This is the story of a promising attorney, who returns home to rural North Carolina to defend an innocent man.
The attorney happens to be a white woman named Starlight, and the defendant happens to be a young black man, the teenage grandson in a family where they are all friends of Star.
That charge that she will be defending Samson against is murder. And this is Starlight's first trial... she isn't a trial lawyer.
Take a good look at the book cover. See the well-built and weather worn cabin? See the sunlight shining through the trees? The hills, cabins, and people of the backwoods form Starlight's roots, and they shaped her whole life.
*Castles of the Heart* starts in those hills, and it ends there, but in the intervening years Starlight journeyed far from her home.
This book is not just about the final courtroom moments, this book begins with Star's childhood and how the experiences that she had defined her.
We start back when she was a little girl, a precocious child who entered third grade instead of first, and who made fast friends with the entire Hopkins clan. Star head the stories that patriarch Solomon told about his ancestors, and she adopted the Hopkins children as her second family.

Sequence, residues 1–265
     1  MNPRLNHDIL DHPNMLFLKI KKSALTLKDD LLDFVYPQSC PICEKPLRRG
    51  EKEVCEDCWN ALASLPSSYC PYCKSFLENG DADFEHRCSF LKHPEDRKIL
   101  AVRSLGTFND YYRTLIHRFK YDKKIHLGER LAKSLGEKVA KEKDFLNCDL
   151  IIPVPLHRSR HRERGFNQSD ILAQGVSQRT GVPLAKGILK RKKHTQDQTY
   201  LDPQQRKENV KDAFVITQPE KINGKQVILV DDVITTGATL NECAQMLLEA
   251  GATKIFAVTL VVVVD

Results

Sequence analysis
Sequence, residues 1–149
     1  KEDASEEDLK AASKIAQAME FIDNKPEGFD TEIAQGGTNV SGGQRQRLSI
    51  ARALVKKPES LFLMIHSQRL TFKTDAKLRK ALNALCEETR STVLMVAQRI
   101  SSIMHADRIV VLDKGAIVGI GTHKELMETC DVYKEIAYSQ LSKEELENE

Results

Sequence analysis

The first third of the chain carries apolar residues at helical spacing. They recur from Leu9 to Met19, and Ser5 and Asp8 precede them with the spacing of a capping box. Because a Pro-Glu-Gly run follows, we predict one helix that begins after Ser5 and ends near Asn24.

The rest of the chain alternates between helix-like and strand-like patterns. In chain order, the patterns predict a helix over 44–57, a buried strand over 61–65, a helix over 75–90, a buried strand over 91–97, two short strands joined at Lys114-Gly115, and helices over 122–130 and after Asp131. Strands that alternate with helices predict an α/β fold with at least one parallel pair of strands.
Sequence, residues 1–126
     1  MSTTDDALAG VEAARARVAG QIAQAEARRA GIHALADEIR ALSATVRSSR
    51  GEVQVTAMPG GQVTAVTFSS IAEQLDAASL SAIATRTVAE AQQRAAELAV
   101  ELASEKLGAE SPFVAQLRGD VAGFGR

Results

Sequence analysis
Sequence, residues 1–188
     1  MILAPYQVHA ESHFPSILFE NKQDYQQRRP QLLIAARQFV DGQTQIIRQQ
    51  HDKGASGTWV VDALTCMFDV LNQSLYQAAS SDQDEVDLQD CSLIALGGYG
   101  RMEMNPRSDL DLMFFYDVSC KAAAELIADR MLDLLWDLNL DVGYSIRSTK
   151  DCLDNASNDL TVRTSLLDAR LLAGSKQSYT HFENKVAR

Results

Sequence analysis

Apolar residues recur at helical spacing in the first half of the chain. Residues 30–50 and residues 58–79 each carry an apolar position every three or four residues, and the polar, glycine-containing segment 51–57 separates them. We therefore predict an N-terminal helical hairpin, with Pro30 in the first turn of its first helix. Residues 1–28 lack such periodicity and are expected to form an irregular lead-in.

Then we follow Star into her later school years, and her first introduction to the law at an incredibly young age. The prodigy with a near-photographic memory becomes an ambitious woman with a brilliant mind.
Starlight's narrative voice as a female attorney in the 1940's is unique. Her whole world is opened up to us as we read, and we are allowed to hear the story of her heart.
I enjoyed "listening in" on her conversations about politics and economics during the Depression, and hearing her thoughts on the war, and witnessing her love of Justice and willingness to fight to achieve Liberty for all.
I could picture *Castles of the Heart* being a movie someday, the story is that good and that compelling.
Thank you to Hale Meserow and Fred and Nora St. Laurent at Bookfun.org for my review copy!
Author, small businessman, Christian, and conservative. Married 25 years, two grown sons, one granddaughter. Disgusted by MN politics.